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Are there risks to sending hand-written thank-you notes?

I just finished an interview, which was a conference call with 3 interviewers, who are scattered all in different cities throughout the US.  I don't have their addresses, so I was planning to just send email thank-you notes.  But when I mentioned to the recruiter that I usually send hand-written notes, he said "I can't remember the last time I've heard of someone doing that" and went on to say he would never recommend sending notes through the mail because email gets right to the person (without going through an admin or getting lost by USPS, etc.) and gets there much faster.  He strongly discouraged it.

I guess I agree with M&M that a hand-written note is much more memorable, and I typically write them in my car right after the interview so I can mail them immediately, even so it could take a few days to get there and there's a chance it doesn't get there.  Do these potential downsides

Especially in this case I'd have to agree with the recruiter -- it could take 4 or 5 days for a hand-written note to get to them (even if I had their addresses).  It's very possible they'd already make a decision for 2nd round interviews before they even received it.  And what if 2 get there and one doesn't, etc.?  Wondering how others have resolved these pros and cons.  It doesn't seem like you'd ever do both, so it's either one or the other?

I always assumed you'd get the best of both worlds by sending the first one written and then follow-up by email (or by phone -- either way immediate), but I'd hate to miss a chance to have them receive it before they make decisions about moving to the next round, etc.

timrutter's picture

Email is efficient, it gets there fast. Does it achieve the objective though?

The recruiter hasn't seen it before because it doesn't happen often, therefore, if you do it, you'll stand out for all the right reasons.

Be brave, be different, be more so much more than the average candidate and let yourself excel! The rewards await you if you do.

Tim

SamBeroz's picture

You should be able to find the satellite office address on the corporate website. I once got a thank you email in response to just such a thank you note. Good luck - Sam

buhlerar's picture

I try to follow MT guidelines whenever possible.  One reason we got on the subject with the recruiter is that he thought I should address a particular issue in the thank you note.  I am moving from a very large organization with a staff working for me, and this company is pretty small and I might not have any directs at all.  This seemed to be a point the interviewers were probing (i.e. would I be willing to get back into the details, etc.), so the recruiter recommended the thank you include something to specifically highlight my willingness to do this.  By the way I wouldn't be blowing hot air -- I'm very comfortable with the details (have clear high-C tendencies: 7-1-1-7 DiSC).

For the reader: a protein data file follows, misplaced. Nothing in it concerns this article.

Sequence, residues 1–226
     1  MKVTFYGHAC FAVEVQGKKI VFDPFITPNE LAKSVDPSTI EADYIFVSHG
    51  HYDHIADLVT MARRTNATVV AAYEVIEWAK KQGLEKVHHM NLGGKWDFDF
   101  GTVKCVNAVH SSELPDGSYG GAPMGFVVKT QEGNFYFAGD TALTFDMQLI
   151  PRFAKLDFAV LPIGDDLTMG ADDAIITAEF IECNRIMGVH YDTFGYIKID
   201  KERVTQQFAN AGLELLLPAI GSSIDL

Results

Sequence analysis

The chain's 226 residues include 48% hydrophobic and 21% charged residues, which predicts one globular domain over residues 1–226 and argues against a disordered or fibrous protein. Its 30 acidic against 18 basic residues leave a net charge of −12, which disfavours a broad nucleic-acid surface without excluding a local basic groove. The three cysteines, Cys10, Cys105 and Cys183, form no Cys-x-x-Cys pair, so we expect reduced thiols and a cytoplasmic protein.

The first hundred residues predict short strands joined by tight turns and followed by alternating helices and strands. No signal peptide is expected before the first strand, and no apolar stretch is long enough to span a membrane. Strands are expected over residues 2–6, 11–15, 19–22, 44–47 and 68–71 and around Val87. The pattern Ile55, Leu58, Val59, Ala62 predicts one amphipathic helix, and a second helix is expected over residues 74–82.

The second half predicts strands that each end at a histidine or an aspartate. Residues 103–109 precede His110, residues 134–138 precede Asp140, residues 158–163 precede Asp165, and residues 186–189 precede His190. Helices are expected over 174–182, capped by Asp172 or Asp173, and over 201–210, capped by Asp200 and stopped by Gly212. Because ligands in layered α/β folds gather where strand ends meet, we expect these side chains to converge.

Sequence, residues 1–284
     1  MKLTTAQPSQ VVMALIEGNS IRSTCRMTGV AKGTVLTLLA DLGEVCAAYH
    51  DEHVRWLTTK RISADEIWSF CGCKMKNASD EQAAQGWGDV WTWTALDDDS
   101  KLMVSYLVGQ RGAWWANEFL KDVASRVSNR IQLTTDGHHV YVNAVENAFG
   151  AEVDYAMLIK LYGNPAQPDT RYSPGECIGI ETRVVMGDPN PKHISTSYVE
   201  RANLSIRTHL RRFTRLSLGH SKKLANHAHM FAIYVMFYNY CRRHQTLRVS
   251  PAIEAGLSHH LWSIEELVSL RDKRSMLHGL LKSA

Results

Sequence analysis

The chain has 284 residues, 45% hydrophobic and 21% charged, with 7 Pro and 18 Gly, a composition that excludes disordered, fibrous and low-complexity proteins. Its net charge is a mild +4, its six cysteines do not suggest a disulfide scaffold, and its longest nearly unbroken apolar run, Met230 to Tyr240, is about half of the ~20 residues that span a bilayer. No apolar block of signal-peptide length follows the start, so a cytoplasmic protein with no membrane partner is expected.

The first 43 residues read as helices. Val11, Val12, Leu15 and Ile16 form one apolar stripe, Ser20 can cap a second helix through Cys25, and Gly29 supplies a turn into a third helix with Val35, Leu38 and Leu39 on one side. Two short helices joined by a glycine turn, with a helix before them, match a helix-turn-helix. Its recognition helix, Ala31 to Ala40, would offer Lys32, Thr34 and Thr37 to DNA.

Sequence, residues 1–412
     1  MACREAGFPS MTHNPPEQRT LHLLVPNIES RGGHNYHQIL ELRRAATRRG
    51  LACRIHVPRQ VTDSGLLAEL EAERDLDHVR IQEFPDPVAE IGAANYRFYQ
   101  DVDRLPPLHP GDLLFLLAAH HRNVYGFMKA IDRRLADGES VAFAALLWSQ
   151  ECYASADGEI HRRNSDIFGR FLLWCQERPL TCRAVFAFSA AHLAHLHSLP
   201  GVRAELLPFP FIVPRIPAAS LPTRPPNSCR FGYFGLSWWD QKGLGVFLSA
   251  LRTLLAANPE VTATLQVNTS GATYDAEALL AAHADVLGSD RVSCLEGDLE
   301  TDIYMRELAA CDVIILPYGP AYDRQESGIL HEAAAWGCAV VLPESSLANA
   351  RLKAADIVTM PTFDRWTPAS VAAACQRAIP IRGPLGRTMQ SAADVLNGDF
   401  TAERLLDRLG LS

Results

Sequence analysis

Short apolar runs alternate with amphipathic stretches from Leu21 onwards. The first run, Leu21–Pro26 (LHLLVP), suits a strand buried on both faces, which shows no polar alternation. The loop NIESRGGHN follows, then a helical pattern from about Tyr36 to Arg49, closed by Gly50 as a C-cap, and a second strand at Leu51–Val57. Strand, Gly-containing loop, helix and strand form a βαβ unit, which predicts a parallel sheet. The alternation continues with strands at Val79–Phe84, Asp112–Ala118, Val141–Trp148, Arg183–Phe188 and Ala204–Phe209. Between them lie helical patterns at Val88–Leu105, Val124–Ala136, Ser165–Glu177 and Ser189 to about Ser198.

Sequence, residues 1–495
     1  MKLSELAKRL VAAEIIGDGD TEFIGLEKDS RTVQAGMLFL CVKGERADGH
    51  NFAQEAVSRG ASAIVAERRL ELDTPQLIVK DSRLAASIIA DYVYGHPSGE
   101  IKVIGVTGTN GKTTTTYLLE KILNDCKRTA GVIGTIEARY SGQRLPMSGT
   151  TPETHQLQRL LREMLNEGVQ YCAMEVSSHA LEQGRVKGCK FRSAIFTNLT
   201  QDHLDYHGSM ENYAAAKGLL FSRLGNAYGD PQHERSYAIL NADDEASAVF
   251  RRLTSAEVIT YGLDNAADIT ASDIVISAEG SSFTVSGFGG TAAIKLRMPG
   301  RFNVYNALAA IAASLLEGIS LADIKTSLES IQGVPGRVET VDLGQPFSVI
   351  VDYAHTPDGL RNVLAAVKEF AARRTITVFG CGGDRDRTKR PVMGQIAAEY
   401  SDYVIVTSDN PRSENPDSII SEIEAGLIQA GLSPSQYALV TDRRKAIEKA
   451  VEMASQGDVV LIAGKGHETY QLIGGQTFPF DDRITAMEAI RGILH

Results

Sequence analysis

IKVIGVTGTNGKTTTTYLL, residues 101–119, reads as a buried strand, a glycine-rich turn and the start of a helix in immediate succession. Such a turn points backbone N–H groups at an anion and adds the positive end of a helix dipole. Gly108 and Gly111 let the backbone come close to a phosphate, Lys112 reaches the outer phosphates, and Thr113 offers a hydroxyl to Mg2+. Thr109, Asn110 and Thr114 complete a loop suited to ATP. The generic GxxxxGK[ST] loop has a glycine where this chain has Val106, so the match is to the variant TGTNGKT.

So I agree with the recruiter that my thank you note could include something that touches on this point.  I know the goal is really to just say thank you, but I might as well be strategic in the wording if the "known" concern has to do with my interest level.  However, as I mentioned before, I only have one address (company HQ in Dallas) but none of the 3 are from Dallas from what I can tell, and I can safely assume at least 1 or 2 of them travel a good deal, so who knows how long this thing could bounce around before it finds them.  I know it still might be worth sending -- hopefully it gets to them before they make a final decision -- but if I've underestimated their apprehensions about my willingness to embrace this role, perhaps time could be of the essence (before they decide on 2nd rounds).

I'm assuming sending both an email and a handwritten note would stand out, but perhaps over-rotating into the realm of goofy.

By the way, the sentence I came up with was something like: "In my previous roles I was often consulted as a subject matter expert because of my ability to translate overarching concepts into detailed processes.  I can see my hands-on approach would serve me well in this position."

mukamal's picture

As a manager I have received both and not once did I think it was "goofy."  In fact, I did receive the written note after the email and thought "wow, that was thoughtful."  

I had one candidate send two cards as she was not sure the first one was addressed correctly.  A slip up on the research/preparation side of things, but a plus on the "making sure it gets done" side.  She got the job. :-)